This ephemera world of ours is just chock-full of interesting stuff. Here are some things I’ve recently come across.
A simple little diecut label, yet printed letterpress in three colors, on a coated stock.
I always loved this example of Victorian imagination, picked up this one as an upgrade for a damaged copy in my collection.
This lively treatment of the word “ALMANAC” is of course great.
Inside is a useful sort of thing, new to me . . . a table giving the meantime it takes a human to digest various items of food. And fascinating are some of the 19th-century table items listed; including soused tripe, animal brains, sago, spinal marrow, aponeurosis (don’t ask me, I have no idea), old hard salted beef, tendon (5 1/2 hours for that).
This is something I have not happened to see before . . . two otherwise identical 32-pages plus covers booklets, one with full-color front and back covers, the other printer using just the black plate.
A wonderful image which immediately makes its main point without words . . . the folks at the Chicago Globe are night owls who work through the night so that the latest news will be printed and available at first light.
A 1961 postcard with nicely painted portraits of (left to right) a Brown Swiss, Jersey, Holstein, Ayrshire, and Guernsey cow.
Copy on the back says, among other things, “I offer a specialty of starched work, such as shirts, shams, lace curtains. ladies’ dresses, collars and cuffs, and everything in the starched line. COLLARS AND CUFFS ARE WASHED WITH THE HANDS, NOT RUBBED ON THE BOARD.”
Try to find one of these in fifty years.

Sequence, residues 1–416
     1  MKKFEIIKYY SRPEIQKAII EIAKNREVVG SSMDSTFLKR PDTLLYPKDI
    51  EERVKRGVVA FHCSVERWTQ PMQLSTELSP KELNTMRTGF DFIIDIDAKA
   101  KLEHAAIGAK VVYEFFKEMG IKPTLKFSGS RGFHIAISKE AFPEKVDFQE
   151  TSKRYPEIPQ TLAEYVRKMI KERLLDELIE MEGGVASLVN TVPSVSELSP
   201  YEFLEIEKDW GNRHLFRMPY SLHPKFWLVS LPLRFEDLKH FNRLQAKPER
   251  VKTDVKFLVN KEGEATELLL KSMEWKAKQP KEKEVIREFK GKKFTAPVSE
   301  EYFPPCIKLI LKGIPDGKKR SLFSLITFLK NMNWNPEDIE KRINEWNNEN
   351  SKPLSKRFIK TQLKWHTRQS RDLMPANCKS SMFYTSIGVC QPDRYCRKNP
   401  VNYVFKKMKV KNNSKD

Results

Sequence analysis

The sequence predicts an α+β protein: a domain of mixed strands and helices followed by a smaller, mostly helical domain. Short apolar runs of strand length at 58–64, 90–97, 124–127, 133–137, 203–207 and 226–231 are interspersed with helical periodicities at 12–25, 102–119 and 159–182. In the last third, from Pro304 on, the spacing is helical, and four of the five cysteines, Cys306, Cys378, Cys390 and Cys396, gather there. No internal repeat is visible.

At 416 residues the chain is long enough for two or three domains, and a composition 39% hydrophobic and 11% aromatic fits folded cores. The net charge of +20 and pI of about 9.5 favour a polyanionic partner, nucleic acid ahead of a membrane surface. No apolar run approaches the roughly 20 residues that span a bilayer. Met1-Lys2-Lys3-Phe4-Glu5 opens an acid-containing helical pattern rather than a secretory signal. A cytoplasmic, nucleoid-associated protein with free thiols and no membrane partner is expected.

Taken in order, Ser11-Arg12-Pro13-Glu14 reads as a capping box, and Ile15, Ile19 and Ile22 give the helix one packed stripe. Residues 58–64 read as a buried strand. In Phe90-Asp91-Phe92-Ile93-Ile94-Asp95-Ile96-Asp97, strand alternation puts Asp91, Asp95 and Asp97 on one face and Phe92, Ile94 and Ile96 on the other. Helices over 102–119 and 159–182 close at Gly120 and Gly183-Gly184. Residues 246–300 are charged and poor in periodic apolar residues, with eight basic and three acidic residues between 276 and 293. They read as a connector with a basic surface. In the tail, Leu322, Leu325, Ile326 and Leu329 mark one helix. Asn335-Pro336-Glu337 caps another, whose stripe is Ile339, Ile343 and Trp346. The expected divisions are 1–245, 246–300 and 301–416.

While printers in the United States were practicing their own style of Artistic Printing, British printers developed their own “Leicester Style”, of which this is a top-notch example.
An example of a clean, effective 1950s design.
I’ve always been partial to usages of mortised stock cuts, never happened upon this particular one before.
A New York City investment bank offering their opinion of the state of the market in June 1890 (not long before the Panic of 1893).
A nice example of an early printer’s card, letterpress on paper stock.
The beautifully rendered image on this oversize trade card perfectly shows that the product is a pill for headaches.
Elegant and direct melding of word content and image.
I find this a telling slice of time, at that moment between the horse and the automobile, right at the moment with a foot in each era.
Très élégant engraved card by Davis. (Fellow ESA member and greeting cards expert Anne O’Donnell is reported to be preparing some articles for this blog, which I for one look very much forward to enjoying!)